Can’t drink milk? Blame the cows, the genes and the ancestors rather than the gut.
After studying data from 270 African and Eurasian populations in 39 countries, Cornell University researchers have concluded that the ability to digest milk is hereditary, developing only among those whose distant relatives once tended dairy herds.
In America, the idea translates into numbers. The condition plays ethnic favorites: Up to 75 percent of blacks and American Indians, plus 90 percent of Asian-Americans are unable to digest lactose, a sugar in milk, according to the National Institutes of Health. Overall, 50 million Americans are considered lactose intolerant.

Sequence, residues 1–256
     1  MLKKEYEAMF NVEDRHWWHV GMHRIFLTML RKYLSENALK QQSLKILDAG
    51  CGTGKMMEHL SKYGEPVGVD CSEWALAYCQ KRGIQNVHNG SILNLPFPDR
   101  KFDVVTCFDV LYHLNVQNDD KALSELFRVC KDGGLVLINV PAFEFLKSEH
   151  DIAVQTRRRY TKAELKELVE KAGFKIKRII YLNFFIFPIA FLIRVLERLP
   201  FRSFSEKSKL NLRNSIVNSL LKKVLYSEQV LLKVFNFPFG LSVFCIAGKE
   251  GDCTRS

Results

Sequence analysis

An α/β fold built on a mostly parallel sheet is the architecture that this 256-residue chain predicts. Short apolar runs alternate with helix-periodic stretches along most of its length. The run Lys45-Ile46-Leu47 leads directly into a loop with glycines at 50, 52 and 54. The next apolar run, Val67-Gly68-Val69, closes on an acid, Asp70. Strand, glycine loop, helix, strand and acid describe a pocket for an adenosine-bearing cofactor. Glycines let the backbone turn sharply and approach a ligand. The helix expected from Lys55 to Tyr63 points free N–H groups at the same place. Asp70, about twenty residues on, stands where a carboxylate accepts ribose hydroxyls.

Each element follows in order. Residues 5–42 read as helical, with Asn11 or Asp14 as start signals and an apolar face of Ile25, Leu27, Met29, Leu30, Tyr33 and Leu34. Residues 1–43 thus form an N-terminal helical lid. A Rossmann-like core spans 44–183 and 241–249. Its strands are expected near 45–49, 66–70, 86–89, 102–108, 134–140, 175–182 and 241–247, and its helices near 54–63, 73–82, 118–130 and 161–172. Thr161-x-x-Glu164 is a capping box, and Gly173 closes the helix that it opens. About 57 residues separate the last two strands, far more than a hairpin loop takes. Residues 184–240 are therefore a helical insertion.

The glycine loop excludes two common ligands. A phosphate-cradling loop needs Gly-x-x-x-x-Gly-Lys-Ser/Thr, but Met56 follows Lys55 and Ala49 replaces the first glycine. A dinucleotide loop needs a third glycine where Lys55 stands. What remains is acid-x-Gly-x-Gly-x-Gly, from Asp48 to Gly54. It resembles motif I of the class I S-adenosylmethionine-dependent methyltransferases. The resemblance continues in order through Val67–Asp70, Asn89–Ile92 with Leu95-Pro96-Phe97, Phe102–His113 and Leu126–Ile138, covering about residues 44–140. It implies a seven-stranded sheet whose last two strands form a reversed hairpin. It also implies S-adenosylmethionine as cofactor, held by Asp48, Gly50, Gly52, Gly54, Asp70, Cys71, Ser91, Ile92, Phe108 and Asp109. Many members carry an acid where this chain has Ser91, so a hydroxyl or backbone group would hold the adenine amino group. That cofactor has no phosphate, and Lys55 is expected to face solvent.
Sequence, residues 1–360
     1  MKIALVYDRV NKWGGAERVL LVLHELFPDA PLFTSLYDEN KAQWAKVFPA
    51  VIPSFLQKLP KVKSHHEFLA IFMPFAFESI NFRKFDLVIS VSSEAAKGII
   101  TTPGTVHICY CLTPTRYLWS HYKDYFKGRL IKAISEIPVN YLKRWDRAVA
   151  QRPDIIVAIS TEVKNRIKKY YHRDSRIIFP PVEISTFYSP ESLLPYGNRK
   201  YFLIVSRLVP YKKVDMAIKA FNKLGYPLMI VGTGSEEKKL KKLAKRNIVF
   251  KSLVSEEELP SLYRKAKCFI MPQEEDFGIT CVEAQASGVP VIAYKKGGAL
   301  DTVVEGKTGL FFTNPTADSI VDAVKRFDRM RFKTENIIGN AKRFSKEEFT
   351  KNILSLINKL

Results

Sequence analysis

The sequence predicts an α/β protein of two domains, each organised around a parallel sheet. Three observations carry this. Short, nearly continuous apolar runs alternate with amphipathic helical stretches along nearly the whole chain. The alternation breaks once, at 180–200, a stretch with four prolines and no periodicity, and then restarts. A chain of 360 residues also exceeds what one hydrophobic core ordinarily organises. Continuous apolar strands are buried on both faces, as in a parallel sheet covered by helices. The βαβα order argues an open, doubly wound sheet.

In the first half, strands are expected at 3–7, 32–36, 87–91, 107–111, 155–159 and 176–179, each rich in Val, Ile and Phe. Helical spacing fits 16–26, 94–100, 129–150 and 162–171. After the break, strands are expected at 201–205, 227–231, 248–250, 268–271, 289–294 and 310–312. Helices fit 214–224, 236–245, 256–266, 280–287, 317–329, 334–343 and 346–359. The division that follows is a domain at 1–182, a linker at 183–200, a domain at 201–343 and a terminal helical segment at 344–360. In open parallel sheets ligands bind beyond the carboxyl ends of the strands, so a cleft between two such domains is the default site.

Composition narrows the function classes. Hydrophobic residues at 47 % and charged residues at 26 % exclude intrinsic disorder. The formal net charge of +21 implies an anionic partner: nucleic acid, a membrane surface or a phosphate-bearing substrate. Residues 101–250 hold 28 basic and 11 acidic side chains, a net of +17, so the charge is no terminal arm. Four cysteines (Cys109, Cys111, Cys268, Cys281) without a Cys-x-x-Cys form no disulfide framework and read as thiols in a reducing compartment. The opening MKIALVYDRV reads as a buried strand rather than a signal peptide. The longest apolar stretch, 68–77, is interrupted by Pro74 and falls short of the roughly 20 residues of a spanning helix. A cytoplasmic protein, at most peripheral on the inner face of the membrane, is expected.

“This is a spectacular case of how cultural evolution—in this case, the domestication of cattle—has guided our biological evolution,” said Paul Sherman, a professor of neurobiology and behavior at Cornell. The findings will be published in upcoming issue of the journal Evolution and Human Behavior.
Adults who trace their roots to the cow-friendly climes of Europe developed the ability to digest milk—they literally “passed on gene mutations that maintain lactase into adulthood,” the research notes.
The researchers are mystified, though, by a dozen small groups in Africa and the Middle East who happily drank milk, though their neighbors could not.
“The most likely explanation is nomadism,” Mr. Sherman theorizes, noting that historically, the groups often kept small cattle herds and moved before some hidden disease pathogen could pose a threat to their cows.